The next deadline for the US presidential election on Tuesday further delays the already unclear prospects of President Donald trump challenging the results of the elections in November – many States may become inaccessible to legal claims.
Under Federal law, Congress does not have the right to ignore electors nominated by a state six or more days before the General electoral vote. In the US, elections are two-stage. First, voters vote for electors in each state, with all electors from the state going to the winner of the popular vote. In the second stage, the electors vote for the President. This year, the electoral vote will be held on December 14.
The deadline six days before the vote is also called a “safe haven.” By resolving issues with the vote count by this date, a state will protect itself from claims to the election results since Congress will be required to count electors’ votes from the state. Of course, if the state is late and misses the “safe Harbor” deadline, it can still nominate its electors to vote, but then, in theory, there may be objections in Congress, even from individual deputies. However, it is unlikely that the Congress or individual congressmen went against the will of the voters.
This protective measure was put into effect by Congress in 1887 after a particularly bitter election the year before, in which Republican Rutherford Hayes and Democrat Samuel Tilden met. Then four of the state were sent to Congress by two different results of voting of the electors. To prevent this conflict situation from happening again, a kind of guarantee was invented in the form of a “safe Harbor.”
Trump does not admit defeat in the election, contrary to the States’ data, and insists that he won the election. As a result, some scenarios with electors have already ceased to seem fantastic. For example, many Trump supporters believe that state legislatures can, against voters’ will, appoint electors who are friendly to Trump. Trump himself called for something similar to be done in Georgia, but the state leadership, which, by the way, consists of Republicans, refused to convene the legislature to review the election. Georgia has already counted the ballots twice and approved the calculations, according to which Joe Biden beat Trump by a small margin and received all 16 electors from the state. But what if the Georgia legislature still went along with trump and nominated its electors who support the President, and not the candidate who won the state? This is what a “safe Harbor” is for: as of December 8, there is a result of the national elections approved by the Governor and the corresponding delegation of electors, Congress should count the votes of these electors and not any others.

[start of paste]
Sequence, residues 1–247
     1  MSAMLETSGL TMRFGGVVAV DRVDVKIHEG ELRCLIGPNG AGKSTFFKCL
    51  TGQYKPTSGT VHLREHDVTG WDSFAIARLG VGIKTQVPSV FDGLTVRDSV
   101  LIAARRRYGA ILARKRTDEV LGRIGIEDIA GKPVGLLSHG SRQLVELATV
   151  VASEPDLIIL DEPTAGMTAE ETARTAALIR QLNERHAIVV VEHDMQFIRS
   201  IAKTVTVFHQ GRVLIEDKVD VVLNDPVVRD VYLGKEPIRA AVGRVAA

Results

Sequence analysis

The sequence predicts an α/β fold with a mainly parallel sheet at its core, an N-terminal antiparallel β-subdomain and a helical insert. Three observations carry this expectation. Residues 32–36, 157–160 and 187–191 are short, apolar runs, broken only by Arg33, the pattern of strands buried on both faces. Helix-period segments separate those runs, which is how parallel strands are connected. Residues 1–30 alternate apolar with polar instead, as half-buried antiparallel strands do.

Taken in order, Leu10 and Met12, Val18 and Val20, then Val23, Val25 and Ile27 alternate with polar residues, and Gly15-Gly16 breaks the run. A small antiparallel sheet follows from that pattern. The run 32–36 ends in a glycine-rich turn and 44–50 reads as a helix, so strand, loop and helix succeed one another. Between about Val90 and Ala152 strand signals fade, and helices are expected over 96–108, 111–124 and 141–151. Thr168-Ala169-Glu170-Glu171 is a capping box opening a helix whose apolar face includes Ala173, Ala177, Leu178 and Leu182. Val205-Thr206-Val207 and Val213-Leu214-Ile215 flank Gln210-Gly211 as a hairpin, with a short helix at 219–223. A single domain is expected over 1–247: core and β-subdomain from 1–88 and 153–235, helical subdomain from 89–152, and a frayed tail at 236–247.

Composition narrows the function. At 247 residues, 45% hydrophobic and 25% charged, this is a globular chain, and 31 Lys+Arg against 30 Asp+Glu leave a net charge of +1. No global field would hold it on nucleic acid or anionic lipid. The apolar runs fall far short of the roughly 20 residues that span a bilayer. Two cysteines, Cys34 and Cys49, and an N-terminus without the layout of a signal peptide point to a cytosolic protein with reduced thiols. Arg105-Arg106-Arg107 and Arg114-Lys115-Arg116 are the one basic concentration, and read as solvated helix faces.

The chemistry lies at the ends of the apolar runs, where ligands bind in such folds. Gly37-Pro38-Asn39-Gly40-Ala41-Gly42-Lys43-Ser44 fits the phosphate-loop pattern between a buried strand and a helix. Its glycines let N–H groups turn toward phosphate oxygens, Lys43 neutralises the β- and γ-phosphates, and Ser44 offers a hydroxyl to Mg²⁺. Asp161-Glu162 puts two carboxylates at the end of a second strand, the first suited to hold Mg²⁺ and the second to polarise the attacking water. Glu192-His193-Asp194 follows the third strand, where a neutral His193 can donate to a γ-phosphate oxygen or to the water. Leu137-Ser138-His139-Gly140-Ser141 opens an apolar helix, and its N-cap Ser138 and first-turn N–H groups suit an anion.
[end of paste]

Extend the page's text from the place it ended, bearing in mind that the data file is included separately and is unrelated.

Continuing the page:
The “safe Harbor” deadline is important for many states – for example, it was Florida’s desire in 2000 to meet the deadline that led to the Supreme Court decision that suspended the recount and gave all of Florida’s electors and election victory to George W. Bush, not to Albert Gore.
The consideration of lawsuits by the trump headquarters in seven States that declared Biden the winner is still ongoing: these are Arizona, Wisconsin, Georgia, Minnesota, Michigan, Nevada, and Pennsylvania. But the very existence of a lawsuit pending in court does not necessarily mean that the state will “float” past the “safe Harbor” unless the judge specifically orders that the formation of a team of electors from the state be suspended. Do not forget that none of the approximately 50 lawsuits filed by the Trump campaign and its supporters has been satisfied by the court. Also, judges are generally skeptical of trump’s claims of major election violations. Trump’s appointees also supported the judges in the Executive branch – Attorney General William Barr, for example, said that there were no violations that affected the outcome of the election.
According to preliminary data, Biden won 306 electors and Trump-232. This result should become official following the electoral vote results on December 14, and final and not subject to any appeal-after Congress approves the electoral vote results on January 6.